Your Rights on Trees & Overhanging Branches

Having a tree entirely on your side of a property boundary isn't the end of the story for ownership rights. Despite the benefits they bring to a garden, from providing a shady spot to relax in to fruit-bearing trees that provide delicious food, there are ways a tree on your side of a boundary can cause a nuisance for your neighbours.

Overhanging trees are one of the most common issues homeowners will have with their neighbours. Whether it's the increased hazard if a piece of the tree falls into your neighbour's garden to littering their garden with fallen leaves, there's plenty for you and your neighbour to quarrel about. Not to mention the potential for attracting wasps, bees and other insects.

With all this in mind, it's evident that knowing your rights concerning your trees is so important.

Establishing Ownership of Trees

Ultimately, if a tree was originally grown on your side of a property line, the tree is yours. Regardless of whether the branches or roots have encroached onto a neighbour's private land across the boundary, the tree belongs to you. Your ownership extends to any branches, fruit or flowers that overhang the property boundary. If your neighbour takes any cuttings, flowers or plucks fruit from your tree, this is an offence under the Theft Act 1968.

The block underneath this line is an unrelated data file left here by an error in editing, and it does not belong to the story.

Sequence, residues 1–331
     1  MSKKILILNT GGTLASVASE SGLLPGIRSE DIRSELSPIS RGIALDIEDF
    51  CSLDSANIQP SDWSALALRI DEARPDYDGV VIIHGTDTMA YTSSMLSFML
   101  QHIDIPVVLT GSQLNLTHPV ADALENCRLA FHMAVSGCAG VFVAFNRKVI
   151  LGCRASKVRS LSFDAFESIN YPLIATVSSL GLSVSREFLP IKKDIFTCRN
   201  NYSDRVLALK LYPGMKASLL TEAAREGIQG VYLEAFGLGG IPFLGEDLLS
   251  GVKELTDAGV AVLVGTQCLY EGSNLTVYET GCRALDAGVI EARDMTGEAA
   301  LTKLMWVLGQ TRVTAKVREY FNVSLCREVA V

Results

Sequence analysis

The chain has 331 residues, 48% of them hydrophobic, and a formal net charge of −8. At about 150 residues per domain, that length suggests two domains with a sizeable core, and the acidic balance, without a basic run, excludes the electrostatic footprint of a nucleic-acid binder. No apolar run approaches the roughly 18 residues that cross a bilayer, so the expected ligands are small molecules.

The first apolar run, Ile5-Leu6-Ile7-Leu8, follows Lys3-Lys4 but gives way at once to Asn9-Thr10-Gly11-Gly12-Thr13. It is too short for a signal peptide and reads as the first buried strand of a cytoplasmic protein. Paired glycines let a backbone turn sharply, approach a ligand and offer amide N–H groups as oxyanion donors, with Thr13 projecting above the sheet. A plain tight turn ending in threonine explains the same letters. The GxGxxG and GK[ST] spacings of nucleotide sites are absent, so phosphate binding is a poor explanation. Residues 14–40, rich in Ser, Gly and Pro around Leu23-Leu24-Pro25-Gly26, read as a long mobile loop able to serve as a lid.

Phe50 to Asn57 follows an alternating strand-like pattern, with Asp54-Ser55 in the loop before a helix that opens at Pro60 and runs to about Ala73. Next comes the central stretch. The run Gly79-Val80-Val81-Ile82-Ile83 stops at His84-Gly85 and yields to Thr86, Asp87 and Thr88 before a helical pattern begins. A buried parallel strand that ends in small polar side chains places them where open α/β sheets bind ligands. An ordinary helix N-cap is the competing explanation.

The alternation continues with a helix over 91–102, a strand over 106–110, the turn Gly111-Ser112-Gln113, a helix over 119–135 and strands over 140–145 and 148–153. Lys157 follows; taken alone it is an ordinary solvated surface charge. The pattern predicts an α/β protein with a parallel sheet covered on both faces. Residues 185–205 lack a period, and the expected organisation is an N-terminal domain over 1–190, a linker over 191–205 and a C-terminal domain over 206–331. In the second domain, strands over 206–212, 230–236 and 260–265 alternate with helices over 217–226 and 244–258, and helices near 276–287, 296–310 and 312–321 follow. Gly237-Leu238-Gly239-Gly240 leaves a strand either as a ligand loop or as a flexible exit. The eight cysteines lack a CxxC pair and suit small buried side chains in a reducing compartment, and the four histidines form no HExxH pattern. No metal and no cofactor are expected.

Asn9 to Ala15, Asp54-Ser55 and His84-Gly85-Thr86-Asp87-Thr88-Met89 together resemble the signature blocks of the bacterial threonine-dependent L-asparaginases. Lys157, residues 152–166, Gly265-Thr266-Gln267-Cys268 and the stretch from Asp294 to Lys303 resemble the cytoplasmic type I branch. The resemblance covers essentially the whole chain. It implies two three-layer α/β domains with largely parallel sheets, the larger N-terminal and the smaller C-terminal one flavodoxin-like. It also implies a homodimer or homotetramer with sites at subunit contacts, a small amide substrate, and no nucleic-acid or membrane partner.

Of course, if you're on the other side of the argument, it's unlikely that your neighbour will take issue with you picking fruit or taking cuttings from their tree, so long as you have a good relationship with them. However, if they catch you, they are legally entitled to request you return whatever you have taken from their tree, meaning you cannot simply throw your trimmings away. 

Your Rights on Trees & Overhanging Branches

Overhanging Branches

So long as the tree in question is not under a tree preservation order or within a conservation area, you are within your rights to cut back any overhanging branches to the point of the boundary line between your two properties. If your neighbour's tree is under a preservation order, you'll need further clarification before cutting any of its overhanging branches. Additionally, your neighbour can ask you to return any branches or fruits you cut back.

This is a bit of a one-way situation. While your neighbour can ask you to return any branches or fruits you take from their tree; you have no right to ask them to clean up any leaves that fall into your garden during the Autumn. The only exception to this would be for your guttering. If your neighbour's tree is causing serious damage to your guttering, not just blocking it, you can request that they pay to have the leaves cleared or to pay for the cost of the damage their tree caused to your property.